Company profiting from death of Palestinians, according to Scottish Palestine Solidarity Campaign (SPSC)
CAMPAIGNERS took direct action against Barclays bank on Argyle Street, Glasgow, on Saturday in a show of anger at the bank's investment in Raytheon, which arms the Israeli military.
Around 40 campaigners staged a protest inside the building, causing police to shut down public access and pen the activists inside.
Hundreds of shoppers stopped to watch the scene, as representatives of SPSC explained the action through a megaphone system.
Barclays bank has approximately $35m of shares in Raytheon, a company which has sold missile guidance systems made in Scotland to support the Israeli occupation and bombing of Palestine.
The most recent bombing campaign in Palestine led to the deaths of 500 children and accusations of war crimes against Israeli military commanders.
Raytheon has boasted in marketing material that it can "take a dumb bomb and make it into a smart bomb".
CommonSpace asked Mick Napier, a spokesperson for SPSC, why the campaign goup took action in Glasgow.
"A Glasgow guy last year, who I know well, a Palestinian Scot, lost 11 members of his family. They were brutally wiped out in the Israeli massacre in Gaza," he explained.
"We now know that Barlcays invests tens of millions of pounds in Raytheon and Raytheon produce the guidance systems for the 500lb bombs which were dropped on Gaza. The line of culpability stretches from the massacres and rubble of Gaza to Argyle street here. We can't get to Gaza. We can't help the people directly, but we are determined to wretched up maximum pressure on Barclays."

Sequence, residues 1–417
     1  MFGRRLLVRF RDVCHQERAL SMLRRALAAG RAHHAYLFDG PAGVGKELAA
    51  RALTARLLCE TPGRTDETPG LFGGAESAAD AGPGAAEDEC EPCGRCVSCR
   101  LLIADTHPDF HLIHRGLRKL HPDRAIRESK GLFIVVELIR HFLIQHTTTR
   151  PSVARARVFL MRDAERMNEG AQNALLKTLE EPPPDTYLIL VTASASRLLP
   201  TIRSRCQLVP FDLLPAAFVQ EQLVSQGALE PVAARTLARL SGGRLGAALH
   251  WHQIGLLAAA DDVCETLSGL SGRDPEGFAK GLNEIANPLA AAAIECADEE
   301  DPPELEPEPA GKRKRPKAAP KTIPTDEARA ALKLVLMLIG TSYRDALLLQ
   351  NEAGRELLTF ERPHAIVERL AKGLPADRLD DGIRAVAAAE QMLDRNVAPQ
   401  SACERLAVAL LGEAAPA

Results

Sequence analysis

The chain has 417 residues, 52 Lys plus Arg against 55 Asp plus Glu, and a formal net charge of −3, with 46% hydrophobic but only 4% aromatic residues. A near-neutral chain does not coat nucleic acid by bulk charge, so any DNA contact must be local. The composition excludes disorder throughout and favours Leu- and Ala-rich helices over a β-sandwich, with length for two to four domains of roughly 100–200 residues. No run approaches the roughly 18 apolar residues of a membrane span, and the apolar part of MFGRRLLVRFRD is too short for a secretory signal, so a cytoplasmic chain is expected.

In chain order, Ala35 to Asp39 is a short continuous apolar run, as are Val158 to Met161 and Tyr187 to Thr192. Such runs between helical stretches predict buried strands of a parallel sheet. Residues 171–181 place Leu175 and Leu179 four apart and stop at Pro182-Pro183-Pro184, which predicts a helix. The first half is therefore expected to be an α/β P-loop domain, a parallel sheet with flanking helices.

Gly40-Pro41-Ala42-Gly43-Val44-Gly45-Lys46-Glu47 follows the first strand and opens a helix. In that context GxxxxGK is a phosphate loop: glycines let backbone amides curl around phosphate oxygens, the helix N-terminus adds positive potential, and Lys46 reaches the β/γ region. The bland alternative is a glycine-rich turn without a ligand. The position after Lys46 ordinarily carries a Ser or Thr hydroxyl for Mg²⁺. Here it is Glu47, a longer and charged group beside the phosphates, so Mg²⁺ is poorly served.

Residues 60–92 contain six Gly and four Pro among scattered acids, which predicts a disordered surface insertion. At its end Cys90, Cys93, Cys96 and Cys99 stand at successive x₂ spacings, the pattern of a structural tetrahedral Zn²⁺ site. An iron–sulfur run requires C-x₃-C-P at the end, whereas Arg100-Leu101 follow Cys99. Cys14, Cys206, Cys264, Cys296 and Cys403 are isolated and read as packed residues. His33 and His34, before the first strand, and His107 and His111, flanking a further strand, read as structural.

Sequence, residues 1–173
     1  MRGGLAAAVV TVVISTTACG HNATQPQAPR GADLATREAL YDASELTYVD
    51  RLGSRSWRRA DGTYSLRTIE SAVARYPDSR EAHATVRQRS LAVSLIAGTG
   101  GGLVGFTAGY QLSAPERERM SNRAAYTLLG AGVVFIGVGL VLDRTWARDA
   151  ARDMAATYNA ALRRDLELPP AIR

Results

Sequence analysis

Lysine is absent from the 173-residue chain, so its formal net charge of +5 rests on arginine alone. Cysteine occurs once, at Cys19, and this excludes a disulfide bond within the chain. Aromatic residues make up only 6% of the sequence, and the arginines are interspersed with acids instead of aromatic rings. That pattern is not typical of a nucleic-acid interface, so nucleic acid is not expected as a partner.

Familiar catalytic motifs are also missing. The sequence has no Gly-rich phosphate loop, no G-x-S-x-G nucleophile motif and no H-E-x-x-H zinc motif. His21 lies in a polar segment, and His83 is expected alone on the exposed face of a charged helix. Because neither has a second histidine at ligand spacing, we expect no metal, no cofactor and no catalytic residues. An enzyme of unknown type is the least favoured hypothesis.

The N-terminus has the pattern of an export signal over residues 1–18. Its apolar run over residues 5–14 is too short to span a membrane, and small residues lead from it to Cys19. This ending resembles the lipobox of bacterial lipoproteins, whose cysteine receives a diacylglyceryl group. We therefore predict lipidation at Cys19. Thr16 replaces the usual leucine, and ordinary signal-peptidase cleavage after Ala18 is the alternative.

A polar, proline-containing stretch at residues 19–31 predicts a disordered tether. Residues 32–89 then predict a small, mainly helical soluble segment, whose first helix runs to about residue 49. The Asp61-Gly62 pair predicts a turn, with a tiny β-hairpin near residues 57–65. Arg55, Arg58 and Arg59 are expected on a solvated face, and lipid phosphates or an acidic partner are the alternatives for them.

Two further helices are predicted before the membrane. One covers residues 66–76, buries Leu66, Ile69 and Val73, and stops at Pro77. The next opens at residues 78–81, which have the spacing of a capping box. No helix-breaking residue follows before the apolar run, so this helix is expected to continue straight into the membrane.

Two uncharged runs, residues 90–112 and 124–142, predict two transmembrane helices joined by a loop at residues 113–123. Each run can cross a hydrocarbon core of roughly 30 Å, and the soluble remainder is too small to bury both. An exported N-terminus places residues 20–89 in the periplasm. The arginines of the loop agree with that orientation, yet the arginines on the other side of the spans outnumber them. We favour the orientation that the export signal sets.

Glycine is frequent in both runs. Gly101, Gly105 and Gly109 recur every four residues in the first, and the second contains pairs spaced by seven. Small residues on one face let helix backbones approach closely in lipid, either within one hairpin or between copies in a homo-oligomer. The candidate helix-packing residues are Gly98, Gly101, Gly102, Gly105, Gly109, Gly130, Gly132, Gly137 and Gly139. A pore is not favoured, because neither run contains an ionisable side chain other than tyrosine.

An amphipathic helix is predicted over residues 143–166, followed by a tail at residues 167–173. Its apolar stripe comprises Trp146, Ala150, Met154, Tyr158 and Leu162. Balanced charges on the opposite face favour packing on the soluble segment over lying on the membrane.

Napier called on support from Scottish local authorities and the Scottish Government for the Boycott, Divestment and Sanctions (BDS) campaign that is supported by Palestinian civic society.
"The Israelis took my home. Scotland is like my second home. I've been made very welcome here." Sana Alkader
He compared Scotland's support for the anti-apartheid movement in South Africa with the need to provide support for people in Palestine.
A previous campaign succeeded in persuading Barclays to divest from arms company Elbit, which manufactured military drone equipment for bombing in the Middle East.
Sana Alkader, a young Palestinian-Scot who moved to Glasgow after being evicted from her home eight years ago, spoke out at the protest for support from across Scotland.
Alkader told CommonSpace: "I came here to Scotland because I had no where else to live. The Israelis took my home. Scotland is like my second home. I've been made very welcome here. It's really nice to have a good turnout and see the support, because what they are doing isn't right.
"I think it's ridiculous [the arms trade]. We have to stop what they are doing. If we have enough support we will stop them. Hopefully we will get out homes and land back."
The Scottish Government has supported calls for a UN-led investigation into accusations of Israeli war crimes and an immediate arms embargo on Israel.
Campaigners will launch a campaign group against the arms trade with Israeli and Palestinian speakers on 9 May.
Picture courtesy of Michael Gray